Ashland resident Dot Fisher-Smith, a long time local activist, said sometimes she'd rather spend the night among those she hosts at the winter shelter than sleep in her own home.

“I'd almost rather be there,” Fisher-Smith said. “They need me there more than I need to be in my household.”

Fisher-Smith, almost 90, has dedicated her time at the Ashland winter shelter since years ago when there was only one shelter night per week.

“It’s so important to have a place to sleep, to shelter,” Fisher-Smith said. ”How can you get up to go to work if you don’t even have a place to wash your face?”

The winter shelter, started independently by two Ashland residents, expanded quickly with the community support from various religious and nonprofit groups. From one night a week, the volunteer-based winter shelter opened 112 nights at three locations last year — five days a week — keeping the homeless warm and safe during the winter months.

This year, a partnership with Southern Oregon Jobs with Justice opens up a new opportunity, allowing a sixth night on every Friday at the Pioneer Hall.

Jason and Vanessa Houk organize Friday night dinners and Sunday's shelter night at Pioneer Hall. Their dinner, prepared and donated by community partners in town, draws a crowd of around 60 people every week.

“The city has been a great partner for us in finding the space for the shelter,” Jason said. “We want to go above and beyond as we recognize the importance of shelter for our community."

The shelter opened its first Friday last week after the couple's weekly dinner, Jason said. Around 38 people stayed over the night — a number he expects to rise.

“On cold nights, we could reach capacity at 44 people,” he said.

The program has attracted more than 100 volunteers this year, volunteer coordinator Heidi Parker said in a previous interview. But the program will need more manpower to keep expanding.

The goal, Jason said, is to find enough resources to cover all nights of the week and, in the long run, to establish a 24/7 shelter or a day center for those who are unsheltered.

“Most folks are struggling out there and don’t have place to go,” he said. “Some of the problems brought up usually happened before and after a shelter night, or on nights with no shelter night.”

A list compiled by city staff of issues associated with the shelter includes “inappropriate behavior” such as loitering, smoking, alcohol use, making other renters of the building feel “unsafe,” vandalizing and harassing of city staff. The report was presented to the city at the Nov. 21 meeting, where councilors called for stricter enforcement from organizers.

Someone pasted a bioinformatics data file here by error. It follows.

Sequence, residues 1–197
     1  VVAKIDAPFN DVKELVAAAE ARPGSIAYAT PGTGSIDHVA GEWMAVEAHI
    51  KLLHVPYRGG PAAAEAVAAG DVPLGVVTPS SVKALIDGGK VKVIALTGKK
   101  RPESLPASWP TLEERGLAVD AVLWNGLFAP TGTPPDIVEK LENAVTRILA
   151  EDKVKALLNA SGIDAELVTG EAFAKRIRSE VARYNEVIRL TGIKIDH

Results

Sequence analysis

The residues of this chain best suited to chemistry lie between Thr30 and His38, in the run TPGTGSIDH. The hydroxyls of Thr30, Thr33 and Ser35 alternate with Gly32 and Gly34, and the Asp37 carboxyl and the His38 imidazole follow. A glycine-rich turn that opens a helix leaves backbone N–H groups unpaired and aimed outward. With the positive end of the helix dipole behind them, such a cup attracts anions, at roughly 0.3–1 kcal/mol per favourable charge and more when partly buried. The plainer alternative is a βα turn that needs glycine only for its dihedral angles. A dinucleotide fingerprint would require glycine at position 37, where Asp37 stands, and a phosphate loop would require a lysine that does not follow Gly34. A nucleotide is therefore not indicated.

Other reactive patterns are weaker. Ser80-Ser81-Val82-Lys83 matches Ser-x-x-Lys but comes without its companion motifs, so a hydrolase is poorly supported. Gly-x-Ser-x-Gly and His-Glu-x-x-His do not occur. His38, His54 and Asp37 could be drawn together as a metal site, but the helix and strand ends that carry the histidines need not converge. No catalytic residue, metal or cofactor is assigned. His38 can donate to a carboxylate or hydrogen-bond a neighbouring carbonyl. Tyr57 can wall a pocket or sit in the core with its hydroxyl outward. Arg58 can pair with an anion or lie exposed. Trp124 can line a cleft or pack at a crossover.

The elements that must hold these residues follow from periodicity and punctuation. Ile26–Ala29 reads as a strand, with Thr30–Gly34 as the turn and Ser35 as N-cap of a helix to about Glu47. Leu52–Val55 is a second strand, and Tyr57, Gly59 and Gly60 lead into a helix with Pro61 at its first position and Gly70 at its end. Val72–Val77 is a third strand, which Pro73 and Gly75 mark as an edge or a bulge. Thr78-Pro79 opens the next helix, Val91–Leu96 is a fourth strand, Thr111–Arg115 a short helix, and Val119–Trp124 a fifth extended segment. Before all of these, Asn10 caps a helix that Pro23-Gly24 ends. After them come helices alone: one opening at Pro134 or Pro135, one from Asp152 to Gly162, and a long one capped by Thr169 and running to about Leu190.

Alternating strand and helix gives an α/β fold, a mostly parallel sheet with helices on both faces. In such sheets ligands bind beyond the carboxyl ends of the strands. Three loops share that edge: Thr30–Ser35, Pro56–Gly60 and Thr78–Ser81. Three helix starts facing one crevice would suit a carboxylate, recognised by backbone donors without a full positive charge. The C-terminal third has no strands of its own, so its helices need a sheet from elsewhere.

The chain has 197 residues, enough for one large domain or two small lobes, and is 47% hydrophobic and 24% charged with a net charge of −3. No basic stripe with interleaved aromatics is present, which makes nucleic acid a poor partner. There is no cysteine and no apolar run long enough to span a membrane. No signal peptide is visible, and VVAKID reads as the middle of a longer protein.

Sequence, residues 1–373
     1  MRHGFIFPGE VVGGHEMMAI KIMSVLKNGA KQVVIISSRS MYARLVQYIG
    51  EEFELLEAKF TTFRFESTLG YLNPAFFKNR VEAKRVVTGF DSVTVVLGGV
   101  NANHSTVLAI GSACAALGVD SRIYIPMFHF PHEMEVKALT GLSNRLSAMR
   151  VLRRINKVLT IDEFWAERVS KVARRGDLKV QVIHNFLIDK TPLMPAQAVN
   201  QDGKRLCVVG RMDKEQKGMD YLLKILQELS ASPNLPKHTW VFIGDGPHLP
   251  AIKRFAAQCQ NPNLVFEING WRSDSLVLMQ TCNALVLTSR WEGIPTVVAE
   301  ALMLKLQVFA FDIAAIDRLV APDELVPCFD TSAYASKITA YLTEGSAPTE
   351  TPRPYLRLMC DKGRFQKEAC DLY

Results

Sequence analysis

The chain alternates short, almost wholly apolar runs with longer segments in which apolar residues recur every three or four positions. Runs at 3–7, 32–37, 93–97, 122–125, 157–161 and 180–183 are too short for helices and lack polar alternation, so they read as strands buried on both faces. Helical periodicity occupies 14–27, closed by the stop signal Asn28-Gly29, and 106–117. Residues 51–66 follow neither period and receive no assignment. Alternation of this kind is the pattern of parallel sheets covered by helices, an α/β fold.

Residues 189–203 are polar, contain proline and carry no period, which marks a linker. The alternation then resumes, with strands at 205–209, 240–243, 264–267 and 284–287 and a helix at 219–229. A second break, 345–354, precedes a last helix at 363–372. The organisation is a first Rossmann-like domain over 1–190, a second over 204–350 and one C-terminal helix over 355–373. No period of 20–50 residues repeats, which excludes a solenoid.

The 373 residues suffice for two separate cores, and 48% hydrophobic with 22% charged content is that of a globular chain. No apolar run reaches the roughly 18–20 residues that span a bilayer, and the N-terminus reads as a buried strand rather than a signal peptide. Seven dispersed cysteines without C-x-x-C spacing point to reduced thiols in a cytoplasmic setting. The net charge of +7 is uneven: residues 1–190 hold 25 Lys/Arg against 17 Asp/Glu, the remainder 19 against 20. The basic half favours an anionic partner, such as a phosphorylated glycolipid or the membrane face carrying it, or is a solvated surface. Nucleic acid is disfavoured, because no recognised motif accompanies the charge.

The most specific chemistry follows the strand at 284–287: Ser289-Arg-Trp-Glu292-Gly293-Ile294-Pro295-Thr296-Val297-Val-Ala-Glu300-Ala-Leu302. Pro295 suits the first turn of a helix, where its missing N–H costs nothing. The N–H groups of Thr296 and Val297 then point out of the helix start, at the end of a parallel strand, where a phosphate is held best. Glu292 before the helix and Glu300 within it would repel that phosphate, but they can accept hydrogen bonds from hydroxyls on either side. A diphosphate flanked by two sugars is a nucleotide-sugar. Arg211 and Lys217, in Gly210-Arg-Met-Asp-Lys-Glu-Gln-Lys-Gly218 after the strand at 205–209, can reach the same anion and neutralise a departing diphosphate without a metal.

“We are a low bar shelter — we don’t ask much from our guest besides being tolerable,” Jason said. “But we are working closely with the city — we let our guests know the rules and enforce them as much as we can.”

Jason believes the additional night of shelter will help with the problems — as well as the mental state for the unsheltered.

When the couple serve dinners on Friday nights — after five days of shelter — they could see a more “joyful and relaxed” attitude from the community. But as people came back to Pioneer Hall on Sunday night, most of them look exhausted, Jason said.

“Many of them just came in and collapsed on the floor,” Jason said. “Their demeanor decreases and suffers from sleeping on the streets for two days.”

Fisher-Smith said that, besides helping out at the winter shelter, she takes time to get to know the "unhoused," as she prefers to call them.

“I would hang out with them at the Plaza when I can,” Fisher-Smith said. “Living on the streets, it wears you out in a lot of ways.”

“Shelter, and housing, is the first step,” she added. “To let people fall through the cracks because of our failing social services, we should be all ashamed.”

Pioneer Hall remains a candidate for renovation by the city after an engineering team found some structural weakness in the rooftop of the building. The building might  not make it through an ice storm or heavy snow, a staff report says. The Public Works Department is commissioning a $40,000 study on the overall structural soundness of the building.

“Personally I’m not too worried from talking to the engineers,” Jason said. “We have an alternative plan where we could use the Community Center next door. But we don’t have a plan C.”

Volunteers such as the Houks and Fisher-Smith take on various tasks at the shelter. Jason said the program always needs more volunteers to clean up in the morning after a shelter night.

“If we have enough volunteers, then we could seriously look into covering Saturday nights too,” he said. Prospective volunteers can contact Vanessa Houk by calling 541-930-2170 or emailing

— Reach reporter Tran Nguyen at 541-776-4485 or Follow her on twitter @nguyenntrann.